‘Extinct’ Species Lives: Sir David’s Long-Beaked Echidna Spotted for First Time in 60 Years


An endangered species has been re-discovered on film, much to the surprise and delight of many scientists. Sir David’s long-beaked echidna (Zaglossus attenboroughi) is named in honor of the naturalist and broadcaster, Sir David Attenborough. The mammal has the spines of a hedgehog, the snout of an anteater, and the feet of a mole. It is a monotreme, part of the same family of egg-laying mammals as the platypus.

Videos by Outdoors

A group of students from Oxford University captured footage of the animal on a trail camera on July 22, 2023. The students discovered the footage on the last day of a four-week expedition through the Cyclops Mountains in Papua, Indonesia. It is classed as a critically endangered species by the International Union for Conservation of Nature (IUCN), and the last recorded appearance was in 1961. Many believed the elusive species to be extinct.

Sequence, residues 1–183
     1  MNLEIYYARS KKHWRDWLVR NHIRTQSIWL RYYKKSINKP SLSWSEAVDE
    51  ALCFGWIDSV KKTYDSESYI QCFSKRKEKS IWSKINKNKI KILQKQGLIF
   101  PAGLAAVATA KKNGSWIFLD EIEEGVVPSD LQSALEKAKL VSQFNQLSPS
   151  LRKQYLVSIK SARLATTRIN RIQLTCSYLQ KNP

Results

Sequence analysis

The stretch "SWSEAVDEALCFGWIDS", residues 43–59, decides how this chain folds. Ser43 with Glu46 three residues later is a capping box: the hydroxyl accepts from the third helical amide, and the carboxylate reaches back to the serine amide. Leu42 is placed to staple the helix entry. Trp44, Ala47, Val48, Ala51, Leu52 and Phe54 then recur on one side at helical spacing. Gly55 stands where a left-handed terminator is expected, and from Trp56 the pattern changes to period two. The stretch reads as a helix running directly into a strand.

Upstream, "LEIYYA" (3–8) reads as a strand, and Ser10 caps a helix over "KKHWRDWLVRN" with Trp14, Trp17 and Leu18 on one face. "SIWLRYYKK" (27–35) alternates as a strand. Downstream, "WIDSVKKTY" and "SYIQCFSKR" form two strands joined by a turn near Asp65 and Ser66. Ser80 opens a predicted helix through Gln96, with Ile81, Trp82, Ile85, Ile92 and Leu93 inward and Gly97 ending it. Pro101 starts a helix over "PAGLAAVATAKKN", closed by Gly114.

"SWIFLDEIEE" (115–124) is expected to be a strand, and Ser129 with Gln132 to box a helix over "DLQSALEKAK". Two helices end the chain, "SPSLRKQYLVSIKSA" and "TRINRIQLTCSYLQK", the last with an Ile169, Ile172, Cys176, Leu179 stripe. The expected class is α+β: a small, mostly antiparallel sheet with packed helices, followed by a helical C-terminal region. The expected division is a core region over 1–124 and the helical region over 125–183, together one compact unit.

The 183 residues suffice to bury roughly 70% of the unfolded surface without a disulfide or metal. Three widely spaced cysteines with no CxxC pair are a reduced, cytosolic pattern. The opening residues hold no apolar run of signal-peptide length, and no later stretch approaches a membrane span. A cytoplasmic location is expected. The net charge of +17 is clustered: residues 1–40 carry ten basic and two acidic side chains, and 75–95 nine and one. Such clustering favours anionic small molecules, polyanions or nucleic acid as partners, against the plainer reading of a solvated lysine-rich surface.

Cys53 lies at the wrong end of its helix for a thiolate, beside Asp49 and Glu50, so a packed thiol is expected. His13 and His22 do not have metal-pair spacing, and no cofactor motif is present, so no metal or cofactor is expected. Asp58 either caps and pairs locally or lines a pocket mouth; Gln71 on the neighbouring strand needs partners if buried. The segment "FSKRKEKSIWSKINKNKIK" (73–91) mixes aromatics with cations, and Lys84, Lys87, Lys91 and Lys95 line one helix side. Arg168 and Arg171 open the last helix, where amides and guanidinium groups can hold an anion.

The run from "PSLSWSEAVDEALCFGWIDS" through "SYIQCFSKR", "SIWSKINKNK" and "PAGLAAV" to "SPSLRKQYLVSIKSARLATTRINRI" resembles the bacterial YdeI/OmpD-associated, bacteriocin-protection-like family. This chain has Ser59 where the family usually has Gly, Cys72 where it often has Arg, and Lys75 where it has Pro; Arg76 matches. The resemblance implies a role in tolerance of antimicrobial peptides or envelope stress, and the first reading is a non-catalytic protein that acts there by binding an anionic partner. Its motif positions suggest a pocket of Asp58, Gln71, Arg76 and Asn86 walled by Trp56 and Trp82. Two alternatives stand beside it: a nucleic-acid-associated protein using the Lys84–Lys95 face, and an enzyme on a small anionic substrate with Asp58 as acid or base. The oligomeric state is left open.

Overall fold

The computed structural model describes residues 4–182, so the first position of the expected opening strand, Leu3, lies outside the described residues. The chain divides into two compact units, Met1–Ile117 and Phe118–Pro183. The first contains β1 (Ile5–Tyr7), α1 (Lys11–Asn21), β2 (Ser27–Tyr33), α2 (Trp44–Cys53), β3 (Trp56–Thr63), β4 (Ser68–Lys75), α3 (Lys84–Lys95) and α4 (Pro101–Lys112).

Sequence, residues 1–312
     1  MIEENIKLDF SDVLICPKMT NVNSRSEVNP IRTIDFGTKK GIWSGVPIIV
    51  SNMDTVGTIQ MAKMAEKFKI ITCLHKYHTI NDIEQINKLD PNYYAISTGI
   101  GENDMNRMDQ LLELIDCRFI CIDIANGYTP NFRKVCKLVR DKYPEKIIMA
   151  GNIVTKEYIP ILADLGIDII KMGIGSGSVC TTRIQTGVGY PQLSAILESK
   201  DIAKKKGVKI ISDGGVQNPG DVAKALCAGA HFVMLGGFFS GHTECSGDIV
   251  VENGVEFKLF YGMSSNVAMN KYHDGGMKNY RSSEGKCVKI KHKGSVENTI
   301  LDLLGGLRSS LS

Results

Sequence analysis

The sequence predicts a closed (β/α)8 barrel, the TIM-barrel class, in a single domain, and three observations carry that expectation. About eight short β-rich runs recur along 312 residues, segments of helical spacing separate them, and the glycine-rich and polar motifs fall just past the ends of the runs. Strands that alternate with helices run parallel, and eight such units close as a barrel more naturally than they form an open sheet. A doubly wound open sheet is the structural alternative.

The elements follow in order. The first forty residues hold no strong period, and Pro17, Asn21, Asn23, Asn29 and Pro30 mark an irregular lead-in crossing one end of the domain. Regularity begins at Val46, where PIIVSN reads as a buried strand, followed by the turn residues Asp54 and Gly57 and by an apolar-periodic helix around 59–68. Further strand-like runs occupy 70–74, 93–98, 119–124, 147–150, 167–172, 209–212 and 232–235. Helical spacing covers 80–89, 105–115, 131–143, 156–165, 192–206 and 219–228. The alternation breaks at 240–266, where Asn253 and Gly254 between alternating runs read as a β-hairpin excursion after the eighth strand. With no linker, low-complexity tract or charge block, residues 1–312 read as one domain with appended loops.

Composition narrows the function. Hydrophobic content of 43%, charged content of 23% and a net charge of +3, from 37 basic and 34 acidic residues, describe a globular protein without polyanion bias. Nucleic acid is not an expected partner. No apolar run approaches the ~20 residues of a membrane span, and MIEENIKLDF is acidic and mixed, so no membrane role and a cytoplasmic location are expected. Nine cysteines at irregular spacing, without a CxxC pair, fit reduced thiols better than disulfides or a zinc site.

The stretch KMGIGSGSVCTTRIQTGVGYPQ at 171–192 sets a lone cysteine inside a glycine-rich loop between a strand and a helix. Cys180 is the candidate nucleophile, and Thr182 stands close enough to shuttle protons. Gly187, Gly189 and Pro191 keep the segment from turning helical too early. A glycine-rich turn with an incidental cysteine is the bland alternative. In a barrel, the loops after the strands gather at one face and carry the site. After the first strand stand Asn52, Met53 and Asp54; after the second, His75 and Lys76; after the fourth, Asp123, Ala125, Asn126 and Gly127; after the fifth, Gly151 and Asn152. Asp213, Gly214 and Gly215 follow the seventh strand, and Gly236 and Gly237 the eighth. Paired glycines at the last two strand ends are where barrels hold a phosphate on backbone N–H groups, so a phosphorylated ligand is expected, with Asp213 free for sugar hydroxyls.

[embedded content]

With similar behavioral characteristics to that of a hedgehog, Sir David’s long-beaked echidnas are slow-moving, nocturnal, and live in underground burrows, making them very tricky to spot in the wild. They are known to roll up into a ball when threatened.

Echidnas share their name with a half-woman, half-serpent creature in Greek mythology, due to their hybrid appearance. There are three types of echidnas in existence. Sir David’s long-beaked echidna is the smallest and most threatened of the three. The other two are the Western long-beaked echidna and the Eastern long-beaked echidna, also native to Indonesian New Guinea. 

Source: https://outdoors.com/extinct-species-lives/